Posts Tagged brown rice flour

Cornbread; Gluten-Free, Dairy-Free, Egg-Free, Agave Sweetened

    March 15 was the day of the 2011 Soup Supper annual fund raiser for The Caring Place. Every year the best restaurants in Georgetown contribute gallons of their specialty soups and TCP volunteers donate cornbread and desserts. Aside from baking we also put on aprons and serve our guests who come to enjoy the meal.

    There is also a silent auction featuring some of the very nicest things from the in-house Fabulous Finds resale store. Clothing from the boutique is modeled to show off the incredible quality that can be found in that department.

    Once again I baked gluten-free cornbread. Last year I made one batch of scratch cornbread and one batch from a mix. The scratch gluten-free version was no doubt the favorite. So this year I baked two double batches of scratch cornbread.

    I made a test batch a few weeks ago just to be sure I would not mess up a lot of expensive ingredients and I am glad that I did. I found that the cornmeal remaining from last year, carefully stored in the freezer, had developed an ‘off’ taste. So every year that I make this I will be sure to buy a fresh bag of Bob’s Red Mill Gluten Free Cornmeal.

Cornbread; Gluten-Free, Dairy-Free, Egg-Free, Agave Sweetened

Cornbread; Gluten-Free, Dairy-Free, Egg-Free, Agave Sweetened

    Astigmatism makes cutting straight lines a challenge so I got out my ancient, trusty forms ruler from data processing days. Yes, the little sticker has my name on it. Back-in-the-day Don and I had his-and-her forms rulers; definitely a geeky household here.

Cornbread Measured with Forms Ruler

Cornbread Measured with Forms Ruler

    It is wonderful how many people turn out to support this organization. By the time I gathered my few remaining wits together we were winding down, most of the cornbread was gone, but I did manage to snap a photo of Amanda. She was charming and cheerful throughout the evening and the time passed very quickly.

Amanda Serving Cornbread

Amanda Serving Cornbread

    We were wearing the yellow construction ‘hard’ hats to call attention to the fact that work has already started on the new food pantry facility at The Caring Place. Donation boxes on the tables were another subtle reminder.

    Those of us who work in the pantry are delighted that this construction has begun. We are also anticipating a better warehouse area for managing the storage of food and more efficient stocking of the pantry.


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Inspired by a recipe from The Gluten-Free Vegan by Susan O’Brien.
Taste tested and certified by people who can eat any kind of cornbread they want.
Certified as ‘very good’ by two people who usually do not like cornbread!

   Our Georgetown, Texas organization known as The Caring Place (TCP) provides a wide variety of services for people. They have a yearly Soup Supper fund raiser. Local restaurants donate hearty soups while TCP volunteers bake cornbread and desserts. I volunteered cornbread; not that I have ever been a big fan of any kind of bread for the obvious glutenful reasons. Gluten-free cornbread was my objective and for this I needed help. I had to enlist taste testers who know how traditional cornbread is supposed to taste.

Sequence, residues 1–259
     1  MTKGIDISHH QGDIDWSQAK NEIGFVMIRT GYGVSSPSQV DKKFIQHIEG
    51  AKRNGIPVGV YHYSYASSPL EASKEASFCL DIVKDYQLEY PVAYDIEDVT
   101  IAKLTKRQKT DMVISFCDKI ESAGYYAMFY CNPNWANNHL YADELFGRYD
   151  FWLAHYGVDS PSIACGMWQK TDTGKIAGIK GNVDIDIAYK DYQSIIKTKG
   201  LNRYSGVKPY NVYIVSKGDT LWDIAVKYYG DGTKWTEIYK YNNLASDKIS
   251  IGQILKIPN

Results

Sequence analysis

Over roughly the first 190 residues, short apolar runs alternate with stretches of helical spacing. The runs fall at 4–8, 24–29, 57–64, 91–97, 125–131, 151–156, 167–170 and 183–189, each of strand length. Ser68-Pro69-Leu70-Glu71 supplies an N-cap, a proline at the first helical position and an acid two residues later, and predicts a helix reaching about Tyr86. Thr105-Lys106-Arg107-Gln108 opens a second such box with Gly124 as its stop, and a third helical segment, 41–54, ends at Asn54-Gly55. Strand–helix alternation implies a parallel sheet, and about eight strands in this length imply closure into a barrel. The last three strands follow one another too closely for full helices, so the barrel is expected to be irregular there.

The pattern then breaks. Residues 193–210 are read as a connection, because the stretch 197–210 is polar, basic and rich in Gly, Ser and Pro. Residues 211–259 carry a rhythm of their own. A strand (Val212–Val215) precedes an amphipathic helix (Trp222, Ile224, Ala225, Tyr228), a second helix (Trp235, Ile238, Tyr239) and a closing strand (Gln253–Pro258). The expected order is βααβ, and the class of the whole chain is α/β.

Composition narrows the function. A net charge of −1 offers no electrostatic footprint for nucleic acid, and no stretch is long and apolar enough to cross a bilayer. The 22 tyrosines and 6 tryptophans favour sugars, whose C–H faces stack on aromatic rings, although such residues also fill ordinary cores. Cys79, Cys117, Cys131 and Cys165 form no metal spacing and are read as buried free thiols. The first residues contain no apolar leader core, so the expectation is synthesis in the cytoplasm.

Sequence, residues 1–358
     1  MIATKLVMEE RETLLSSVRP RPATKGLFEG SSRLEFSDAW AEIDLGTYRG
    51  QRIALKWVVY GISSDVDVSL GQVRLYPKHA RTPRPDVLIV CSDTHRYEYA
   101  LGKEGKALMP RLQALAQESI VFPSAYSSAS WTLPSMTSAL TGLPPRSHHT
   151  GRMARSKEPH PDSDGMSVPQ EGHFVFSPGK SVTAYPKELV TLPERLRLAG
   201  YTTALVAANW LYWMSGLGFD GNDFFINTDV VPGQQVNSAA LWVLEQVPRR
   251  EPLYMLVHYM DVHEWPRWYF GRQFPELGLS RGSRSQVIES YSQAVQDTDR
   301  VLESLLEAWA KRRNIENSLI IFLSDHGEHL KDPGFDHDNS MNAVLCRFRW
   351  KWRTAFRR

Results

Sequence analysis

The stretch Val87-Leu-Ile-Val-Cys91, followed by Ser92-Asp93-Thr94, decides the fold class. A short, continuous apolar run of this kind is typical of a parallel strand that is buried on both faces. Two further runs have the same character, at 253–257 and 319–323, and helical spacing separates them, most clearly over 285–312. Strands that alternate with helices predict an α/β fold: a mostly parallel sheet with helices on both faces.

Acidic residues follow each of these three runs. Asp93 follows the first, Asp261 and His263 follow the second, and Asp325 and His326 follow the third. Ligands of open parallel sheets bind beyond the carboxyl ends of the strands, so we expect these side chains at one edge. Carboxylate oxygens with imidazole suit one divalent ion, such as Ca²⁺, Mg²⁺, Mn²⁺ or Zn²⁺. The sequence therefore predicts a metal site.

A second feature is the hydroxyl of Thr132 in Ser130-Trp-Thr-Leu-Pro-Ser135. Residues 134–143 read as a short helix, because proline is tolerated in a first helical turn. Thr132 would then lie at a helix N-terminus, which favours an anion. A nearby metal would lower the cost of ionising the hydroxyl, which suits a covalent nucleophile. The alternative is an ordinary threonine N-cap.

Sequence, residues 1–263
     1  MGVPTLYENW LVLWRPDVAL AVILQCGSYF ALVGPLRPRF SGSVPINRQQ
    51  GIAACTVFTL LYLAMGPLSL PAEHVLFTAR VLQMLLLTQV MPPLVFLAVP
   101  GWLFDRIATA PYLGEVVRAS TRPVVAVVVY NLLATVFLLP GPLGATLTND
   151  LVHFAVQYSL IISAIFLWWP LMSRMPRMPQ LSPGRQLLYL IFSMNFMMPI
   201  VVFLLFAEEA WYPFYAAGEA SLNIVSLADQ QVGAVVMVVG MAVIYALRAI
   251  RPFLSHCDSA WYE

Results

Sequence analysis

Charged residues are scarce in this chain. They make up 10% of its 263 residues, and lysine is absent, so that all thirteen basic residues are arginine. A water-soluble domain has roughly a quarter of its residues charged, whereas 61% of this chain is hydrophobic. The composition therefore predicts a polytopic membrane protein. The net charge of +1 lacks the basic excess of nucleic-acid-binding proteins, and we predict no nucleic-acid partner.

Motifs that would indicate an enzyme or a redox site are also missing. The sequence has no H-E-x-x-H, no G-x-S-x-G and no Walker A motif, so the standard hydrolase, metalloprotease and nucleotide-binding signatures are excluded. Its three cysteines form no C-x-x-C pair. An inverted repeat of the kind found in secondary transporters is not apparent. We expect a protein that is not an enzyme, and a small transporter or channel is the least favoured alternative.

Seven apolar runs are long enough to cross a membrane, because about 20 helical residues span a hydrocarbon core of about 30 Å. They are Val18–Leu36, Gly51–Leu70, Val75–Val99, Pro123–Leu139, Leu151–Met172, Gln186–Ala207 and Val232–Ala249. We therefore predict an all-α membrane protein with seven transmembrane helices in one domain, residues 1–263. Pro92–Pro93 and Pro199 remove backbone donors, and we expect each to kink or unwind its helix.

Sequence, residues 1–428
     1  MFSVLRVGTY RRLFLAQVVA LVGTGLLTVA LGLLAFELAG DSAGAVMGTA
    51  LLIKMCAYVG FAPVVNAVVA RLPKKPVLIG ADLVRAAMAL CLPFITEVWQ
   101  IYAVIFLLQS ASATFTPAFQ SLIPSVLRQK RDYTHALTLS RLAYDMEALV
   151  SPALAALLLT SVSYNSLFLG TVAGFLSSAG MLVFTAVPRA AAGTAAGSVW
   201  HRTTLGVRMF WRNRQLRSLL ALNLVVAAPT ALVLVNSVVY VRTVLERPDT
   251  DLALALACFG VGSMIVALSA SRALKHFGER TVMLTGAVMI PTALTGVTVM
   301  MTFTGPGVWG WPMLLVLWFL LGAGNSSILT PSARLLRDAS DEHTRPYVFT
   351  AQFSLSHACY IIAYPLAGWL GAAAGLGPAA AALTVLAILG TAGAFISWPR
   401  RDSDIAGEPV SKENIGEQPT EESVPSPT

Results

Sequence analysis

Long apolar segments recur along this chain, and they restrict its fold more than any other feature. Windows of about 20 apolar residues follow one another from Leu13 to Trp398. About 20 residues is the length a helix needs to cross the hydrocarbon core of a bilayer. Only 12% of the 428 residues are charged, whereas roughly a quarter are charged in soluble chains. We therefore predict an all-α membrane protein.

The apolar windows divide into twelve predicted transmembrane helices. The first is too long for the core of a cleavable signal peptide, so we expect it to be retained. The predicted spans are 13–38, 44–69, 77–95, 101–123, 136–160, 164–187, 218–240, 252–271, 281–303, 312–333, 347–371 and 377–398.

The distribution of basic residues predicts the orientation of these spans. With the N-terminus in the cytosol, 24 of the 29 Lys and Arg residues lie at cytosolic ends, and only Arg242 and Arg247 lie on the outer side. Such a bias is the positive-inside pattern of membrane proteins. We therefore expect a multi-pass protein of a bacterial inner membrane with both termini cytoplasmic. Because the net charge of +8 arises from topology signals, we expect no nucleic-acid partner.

My first attempt seemed dry and even gritty. My friend Ann verified this for me. I was working with gluten-free, stone ground cornmeal which is fairly coarse. For the next attempt I decided to go all out and try also to target those who have dairy and egg allergies which meant searching for a vegan recipe. The one I chose specified ‘egg replacer’ and neither that term nor product has ever appealed to me.
   Flax seed and chia seed both form a gelatinous, viscous mass reminiscent of egg white when soaked in liquid. Some recipes are beginning to call for these seeds as the binder to use in place of egg. And both of these seeds contribute substantial nutritional benefits – my idea of what you should use in your food. As best I can tell right now flax seed requires three times as much by measure to bind like chia. Earlier recipes just called for the ground seed mixed with the dry ingredients. But experience is proving that preparing the seed separately in advance gives much better results.
   For the non-dairy ‘milk’ I prefer a mixture of my favorite almond milk mixed half & half with regular canned coconut milk. These combine to enhance the slight sweetness of cornbread and provide extra moisture that contributes greatly to the unique taste and texture.

Chia Goop (binder):
1 teaspoon ground chia seed
3 tablespoons water
Mix together in a medium microwave bowl.
Heat the mixture for about 30-40 seconds (just until it boils).
Set aside for at least an hour; longer is better.
It should be viscous like egg white.

Dry Ingredients:
1/2 cup brown rice flour
1/2 cup sorghum flour
4 teaspoons GF baking powder
1/2 teaspoon sea salt
1 cup GF cornmeal

Liquid Ingredients:
1 cup non-dairy milk (1/2 cup almond + 1/2 cup coconut)